Using the word "spontaneous" in the title of two blog posts in the same week sounds a little redundant and excessive, but we did have a fishing experiment, and it was, indeed, spontaneous. Parker is an outdoorsy guy and loves to fish. The problem is, he knows surprisingly little about the subject. I think he fished a few times as a kid and a couple of times in college (once he and his friend decided to clean and gut the fish they caught on my kitchen counter- it. was. disgusting.), but he is by no means proficient in the art, and he will fully admit that.
|"act like you have no idea what you're doing"|
I didn't grow up fishing and quite frankly prefer to let the little Nemo's and Dory's just keep swimming, but Parker rediscovered the idea of fishing recently and got excited about giving it a shot. If there is one thing I have learned about Parker, it's that he has a one track mind. When he thinks about something or decides he wants to try something, he doesn't just forget about it. This is a great mindset in the academic world since it enables him to stay determined and achieve what he sets out to do. In the world of activities I halfheartedly agreed to do in the first place, it's less than ideal.
That said (sorry, this wasn't supposed to sound so negative!), I am always down for a little adventure and to try something new. So off we went to the local Walmart to buy the cheapest fishing poles they carried, a package of frozen shrimp bait that grosses me out every time I remember it's in my freezer, and a fishing license (thanks to the military, this was free. Yahtzee!). We rounded up our little fishing assistant (Jenny, of course) and headed out to our backyard to fish over the dock.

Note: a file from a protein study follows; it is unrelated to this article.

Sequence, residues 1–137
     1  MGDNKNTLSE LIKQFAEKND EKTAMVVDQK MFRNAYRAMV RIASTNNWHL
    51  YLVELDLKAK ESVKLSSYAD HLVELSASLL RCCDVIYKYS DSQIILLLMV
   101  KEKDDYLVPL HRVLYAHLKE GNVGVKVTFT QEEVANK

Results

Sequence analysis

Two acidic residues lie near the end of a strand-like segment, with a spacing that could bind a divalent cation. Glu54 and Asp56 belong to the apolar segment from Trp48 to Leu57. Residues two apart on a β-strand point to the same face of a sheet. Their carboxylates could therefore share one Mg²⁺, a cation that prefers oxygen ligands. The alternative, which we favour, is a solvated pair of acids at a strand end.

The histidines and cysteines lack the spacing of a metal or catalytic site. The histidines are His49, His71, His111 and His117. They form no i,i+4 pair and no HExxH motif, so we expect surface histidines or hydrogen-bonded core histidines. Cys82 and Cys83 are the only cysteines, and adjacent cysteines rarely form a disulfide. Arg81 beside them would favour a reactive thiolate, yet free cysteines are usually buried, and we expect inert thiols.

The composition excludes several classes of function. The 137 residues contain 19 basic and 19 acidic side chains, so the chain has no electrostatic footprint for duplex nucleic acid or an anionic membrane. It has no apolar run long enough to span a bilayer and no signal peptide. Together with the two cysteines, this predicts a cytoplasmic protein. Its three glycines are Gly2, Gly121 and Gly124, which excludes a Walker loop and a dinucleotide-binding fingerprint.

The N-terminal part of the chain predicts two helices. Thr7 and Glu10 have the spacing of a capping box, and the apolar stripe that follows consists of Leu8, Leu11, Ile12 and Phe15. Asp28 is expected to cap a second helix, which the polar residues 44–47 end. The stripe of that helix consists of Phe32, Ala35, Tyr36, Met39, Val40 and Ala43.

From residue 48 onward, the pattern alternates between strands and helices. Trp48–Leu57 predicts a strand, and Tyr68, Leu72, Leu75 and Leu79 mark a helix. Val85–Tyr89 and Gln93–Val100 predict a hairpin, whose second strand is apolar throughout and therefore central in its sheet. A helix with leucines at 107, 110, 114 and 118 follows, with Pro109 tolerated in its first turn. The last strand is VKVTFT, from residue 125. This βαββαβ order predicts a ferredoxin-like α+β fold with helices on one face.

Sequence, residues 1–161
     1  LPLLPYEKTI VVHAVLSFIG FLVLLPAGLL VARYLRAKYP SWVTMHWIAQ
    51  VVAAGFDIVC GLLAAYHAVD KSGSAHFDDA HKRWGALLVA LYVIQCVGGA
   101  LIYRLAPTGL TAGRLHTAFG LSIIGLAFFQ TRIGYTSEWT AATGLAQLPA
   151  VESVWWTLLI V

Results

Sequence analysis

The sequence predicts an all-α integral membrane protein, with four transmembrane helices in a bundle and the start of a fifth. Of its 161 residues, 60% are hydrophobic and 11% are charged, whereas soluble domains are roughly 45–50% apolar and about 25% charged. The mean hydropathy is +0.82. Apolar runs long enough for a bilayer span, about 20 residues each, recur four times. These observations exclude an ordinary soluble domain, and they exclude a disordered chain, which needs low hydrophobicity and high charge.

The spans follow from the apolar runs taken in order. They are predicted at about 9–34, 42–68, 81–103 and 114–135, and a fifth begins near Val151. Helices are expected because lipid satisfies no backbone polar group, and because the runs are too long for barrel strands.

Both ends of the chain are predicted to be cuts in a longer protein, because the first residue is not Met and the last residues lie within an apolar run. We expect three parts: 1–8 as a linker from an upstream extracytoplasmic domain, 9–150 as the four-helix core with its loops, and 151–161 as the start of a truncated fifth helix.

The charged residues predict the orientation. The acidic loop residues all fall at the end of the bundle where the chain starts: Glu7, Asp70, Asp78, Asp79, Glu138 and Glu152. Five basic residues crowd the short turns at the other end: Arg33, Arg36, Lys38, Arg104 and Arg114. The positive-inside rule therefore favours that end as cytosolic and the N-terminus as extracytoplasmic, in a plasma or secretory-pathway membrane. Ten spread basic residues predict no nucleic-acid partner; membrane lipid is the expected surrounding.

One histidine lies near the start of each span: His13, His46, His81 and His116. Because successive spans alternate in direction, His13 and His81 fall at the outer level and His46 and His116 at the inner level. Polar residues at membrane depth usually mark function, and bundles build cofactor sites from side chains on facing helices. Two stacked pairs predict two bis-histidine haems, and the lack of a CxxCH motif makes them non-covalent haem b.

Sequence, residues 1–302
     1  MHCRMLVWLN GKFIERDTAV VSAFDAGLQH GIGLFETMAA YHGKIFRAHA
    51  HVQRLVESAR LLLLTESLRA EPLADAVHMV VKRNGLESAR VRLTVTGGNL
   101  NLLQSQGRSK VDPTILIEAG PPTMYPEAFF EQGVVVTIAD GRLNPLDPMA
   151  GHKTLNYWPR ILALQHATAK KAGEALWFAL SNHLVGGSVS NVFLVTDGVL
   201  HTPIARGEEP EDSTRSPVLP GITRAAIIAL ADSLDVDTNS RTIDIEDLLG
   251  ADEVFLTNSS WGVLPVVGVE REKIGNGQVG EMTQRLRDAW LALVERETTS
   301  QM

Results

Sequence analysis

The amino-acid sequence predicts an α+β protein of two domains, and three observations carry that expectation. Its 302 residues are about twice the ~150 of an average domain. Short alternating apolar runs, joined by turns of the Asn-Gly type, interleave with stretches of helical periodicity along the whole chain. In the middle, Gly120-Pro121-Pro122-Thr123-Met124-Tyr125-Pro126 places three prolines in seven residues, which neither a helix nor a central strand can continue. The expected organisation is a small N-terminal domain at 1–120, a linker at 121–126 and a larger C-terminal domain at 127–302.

And that, my friends, is where it all went a little south. Parker worked at stringing the poles (is that even the right terminology?) and Jenny and I walked around to smell things. She was doing the smelling, I was doing the walking. Thanks to a little Youtube tutorial, he was able to string the pole with fishing line, attach the bait, and attach the little thing that looks like a buoy.
Long story short, it didn't go so well. I did manage to catch a crab, but the line got super tangled and the reel jammed up. I guess you get what you pay for with those cheapo fishing poles. After about an hour, we called it quits. I think fishing would be really fun, and Parker is eager to learn and develop this skill, but we needed help! Next time we decide to fish, we will seek supervision from a grown-up. It was a fun little Saturday afternoon experiment while it lasted, though.
|maybe next time, guys|